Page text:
Issue Date: June 23, 2008
Bill Would Require Ocean Ph Monitoring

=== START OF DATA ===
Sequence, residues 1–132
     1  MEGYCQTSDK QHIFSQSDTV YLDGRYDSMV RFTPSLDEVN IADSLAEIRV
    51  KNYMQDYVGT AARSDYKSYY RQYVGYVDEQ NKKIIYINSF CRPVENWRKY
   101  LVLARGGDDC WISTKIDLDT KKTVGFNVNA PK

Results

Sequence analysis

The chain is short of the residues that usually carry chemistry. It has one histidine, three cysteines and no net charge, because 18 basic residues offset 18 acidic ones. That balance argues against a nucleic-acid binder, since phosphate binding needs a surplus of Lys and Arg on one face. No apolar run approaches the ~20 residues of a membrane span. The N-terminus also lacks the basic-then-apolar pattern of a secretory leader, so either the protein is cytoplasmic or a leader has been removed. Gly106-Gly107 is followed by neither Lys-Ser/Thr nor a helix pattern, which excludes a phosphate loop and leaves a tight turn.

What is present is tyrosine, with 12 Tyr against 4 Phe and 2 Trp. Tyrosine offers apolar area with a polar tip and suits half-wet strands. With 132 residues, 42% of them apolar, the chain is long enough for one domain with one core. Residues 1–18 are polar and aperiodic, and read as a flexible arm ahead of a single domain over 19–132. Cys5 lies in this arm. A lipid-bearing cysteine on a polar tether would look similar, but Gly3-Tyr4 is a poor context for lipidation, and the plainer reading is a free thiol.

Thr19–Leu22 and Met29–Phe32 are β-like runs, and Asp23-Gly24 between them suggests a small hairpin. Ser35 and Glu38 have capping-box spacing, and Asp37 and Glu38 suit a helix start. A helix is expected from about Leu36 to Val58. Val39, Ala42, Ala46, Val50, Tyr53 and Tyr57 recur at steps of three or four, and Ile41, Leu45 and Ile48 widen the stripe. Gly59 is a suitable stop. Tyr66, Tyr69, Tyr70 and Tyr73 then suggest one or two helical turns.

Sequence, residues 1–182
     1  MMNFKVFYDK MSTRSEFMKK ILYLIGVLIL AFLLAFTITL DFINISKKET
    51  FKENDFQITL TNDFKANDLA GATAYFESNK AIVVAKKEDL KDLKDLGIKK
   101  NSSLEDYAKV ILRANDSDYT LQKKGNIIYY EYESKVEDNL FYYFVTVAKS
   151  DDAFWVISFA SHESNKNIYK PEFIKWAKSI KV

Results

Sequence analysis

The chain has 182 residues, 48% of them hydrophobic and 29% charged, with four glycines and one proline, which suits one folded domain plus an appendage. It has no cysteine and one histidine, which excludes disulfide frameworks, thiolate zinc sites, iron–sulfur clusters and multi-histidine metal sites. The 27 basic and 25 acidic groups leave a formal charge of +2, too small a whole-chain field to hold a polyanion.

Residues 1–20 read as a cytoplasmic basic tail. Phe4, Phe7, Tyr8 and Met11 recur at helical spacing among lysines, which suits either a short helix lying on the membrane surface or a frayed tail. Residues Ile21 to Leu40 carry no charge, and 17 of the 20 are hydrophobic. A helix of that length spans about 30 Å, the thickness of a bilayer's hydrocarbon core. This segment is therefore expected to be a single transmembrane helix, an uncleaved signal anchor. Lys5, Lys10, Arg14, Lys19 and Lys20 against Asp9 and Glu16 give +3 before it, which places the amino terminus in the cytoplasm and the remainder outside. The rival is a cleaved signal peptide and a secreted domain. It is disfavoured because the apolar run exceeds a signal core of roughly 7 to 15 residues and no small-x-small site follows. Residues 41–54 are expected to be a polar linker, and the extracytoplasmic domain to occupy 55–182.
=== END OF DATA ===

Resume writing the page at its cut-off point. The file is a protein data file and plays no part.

The U.S. government would monitor acidity of the world's oceans under a bill adopted by a House subcommittee last week. As CO2 emissions from human activities rise, the oceans are absorbing more of the gas from the atmosphere, causing the pH of the water to decline. "Ocean acidification poses a threat to many marine organisms and ocean ecosystems. It reduces the ability of shellfish and corals to form their shells and skeletons," explains Rep. Nick Lampson (D-Texas), chairman of the House Science & Technology Subcommittee on Energy & Environment. On June 18, Lampson's panel unanimously approved a bill, H.R. 4174, to establish an interagency program to monitor acidification of oceans. The legislation directs federal scientists to study the chemical, biological, and physical impacts of acidification on marine organisms and ecosystems. The Science & Technology Committee expects to vote this summer on the measure, which has bipartisan support. The Senate Commerce, Science & Transportation Committee approved a similar measure (S. 1581) in May.
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